where is an arbitrary constant.

To evaluate the right-hand side of equation Equation (15) let. By definition

(17)

Since

(18)

Then

(19)

where

(20)

Thus, if only the c vector is random the distribution function of can be found, in theory, by evaluating the integral in equation Equation (20). Given a basis Bi and sets and, the limits of the integral in Equation (12) and Equation (20) are the intersection of m or n hyperplanes (depending on whether the b vector or the c vector is stochastic). These limits are extremely difficult to obtain if the probability space has dimension greater than 3. Ewbank, et al., [1] developed a Jacobian transformation that greatly simplifies the computation of the integrals.

In the case of stochastic b, Let

(21)

By substituting for b we have:

(22)

The probability that a basis G remains feasible is

(23)

where is the set of b’s defined in Equation (20), and by substituting Equation (21) in Equation (22), we have:

(24)

where is the Jacobian

Because and, this implies

(25)

Note that since

3. Computational Results

The problems were run using the Mathematica software version 8.0.1.0 utilizing the supercomputer at the University of Oklahoma.

CPUs: All compute nodes have dual Intel Xeon E5-2650 “Sandy Bridge” oct core 2.0 GHz CPUs; there is also one “fat node” with quad Intel Xeon E7-4830 “Westmere” oct core 2.13 GHz CPUs.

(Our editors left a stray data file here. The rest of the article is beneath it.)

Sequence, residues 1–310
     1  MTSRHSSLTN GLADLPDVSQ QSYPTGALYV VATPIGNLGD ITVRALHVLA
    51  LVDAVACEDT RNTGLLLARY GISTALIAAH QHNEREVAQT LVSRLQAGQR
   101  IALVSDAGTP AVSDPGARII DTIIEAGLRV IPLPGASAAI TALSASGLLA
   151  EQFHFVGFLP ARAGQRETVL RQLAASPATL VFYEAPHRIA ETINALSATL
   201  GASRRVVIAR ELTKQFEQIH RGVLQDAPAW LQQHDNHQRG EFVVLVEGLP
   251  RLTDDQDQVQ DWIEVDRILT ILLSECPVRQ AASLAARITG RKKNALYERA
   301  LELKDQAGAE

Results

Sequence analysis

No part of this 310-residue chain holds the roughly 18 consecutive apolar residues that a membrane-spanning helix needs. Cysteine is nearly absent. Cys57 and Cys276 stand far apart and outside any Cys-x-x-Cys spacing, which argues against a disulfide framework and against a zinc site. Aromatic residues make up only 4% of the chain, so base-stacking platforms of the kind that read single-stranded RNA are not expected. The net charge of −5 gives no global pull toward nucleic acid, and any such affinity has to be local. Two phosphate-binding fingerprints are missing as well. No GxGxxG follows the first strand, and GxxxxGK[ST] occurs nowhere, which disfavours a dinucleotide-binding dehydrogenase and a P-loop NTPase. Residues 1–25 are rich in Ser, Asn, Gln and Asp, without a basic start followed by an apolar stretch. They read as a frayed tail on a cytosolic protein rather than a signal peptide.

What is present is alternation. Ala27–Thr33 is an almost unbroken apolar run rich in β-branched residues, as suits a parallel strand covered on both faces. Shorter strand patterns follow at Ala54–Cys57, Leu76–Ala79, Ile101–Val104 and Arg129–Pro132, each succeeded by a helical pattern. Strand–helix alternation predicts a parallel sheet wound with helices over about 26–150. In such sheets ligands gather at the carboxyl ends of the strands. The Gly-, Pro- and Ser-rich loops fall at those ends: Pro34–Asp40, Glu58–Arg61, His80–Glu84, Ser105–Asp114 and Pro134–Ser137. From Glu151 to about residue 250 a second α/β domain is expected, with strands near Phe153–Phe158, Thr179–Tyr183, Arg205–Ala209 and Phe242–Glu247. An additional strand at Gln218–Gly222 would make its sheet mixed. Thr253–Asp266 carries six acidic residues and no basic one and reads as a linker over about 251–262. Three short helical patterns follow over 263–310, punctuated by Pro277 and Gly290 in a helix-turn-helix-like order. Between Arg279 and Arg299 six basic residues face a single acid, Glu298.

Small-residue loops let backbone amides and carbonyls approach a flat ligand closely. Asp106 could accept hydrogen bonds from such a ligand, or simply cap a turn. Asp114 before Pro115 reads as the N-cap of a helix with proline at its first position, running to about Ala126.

RAM: Most of the compute nodes have 32 GB of 1333 MHz RAM and 23 with 64 GB of 1333 MHz RAM; the one “fat node” has 1 TB of 1066 MHz RAM, which is called large memory.

Accelerators: There are 18 NVIDIA Tesla M2075 cards, for an aggregate of an additional approximately 9 TFLOPs double precision.

In order to compare the run times, four types of distributions were considered as shown in Table 1. The coefficients were randomly generated in small interval, because large intervals led to computational results that had results with coefficients of the orders of 1020 or larger.

3.1. Results for Stochastic b with Exponential Distribution

3.1.1. Problem 1

Table 1. Equations of distribution.

3.1.2. Problem 2

3.1.3. Problem 3

3.2. Results for Stochastic b with Uniform Distribution

3.2.1. Problem 1

3.2.2. Problem 2

3.2.3. Problem 3

3.3. Results for Stochastic b with Gamma Distribution

3.3.1. Problem 1

3.3.2. Problem 2

3.4. Results for Stochastic b with Triangle Distribution

Problem 1

3.5. Results for Stochastic c with Exponential Distribution

3.5.1. Problem 1

3.5.2. Problem 2

3.6. Results for Stochastic c with Uniform Distribution

3.6.1. Problem 1

3.6.2. Problem 2

3.7. Results for Stochastic c with Gamma Distribution

3.7.1. Problem 1

3.7.2. Problem 2

3.8. Results for Stochastic c with Triangle Distribution

3.8.1. Problem 1

3.8.2. Problem 2

4. Computational Time Comparisons

The different distributions were solved using both Bereanu’s method and the Ewbank, Foote and Kumin transformation method to compare the two. Table 2 and Table 3 compare the run times for both methods for case I and case II. The results show that

Table 2. Comparison between Bereanu and EFK method for case I.

Table 3. Comparison between Bereanu and EFK method for case II.

the EFK method substantially reduces the computational time. In addition, Bereanu’s method is not able to solve some larger sizes of the problem. All times are measured in seconds.

Conflicts of Interest

The authors declare no conflicts of interest.

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[2] |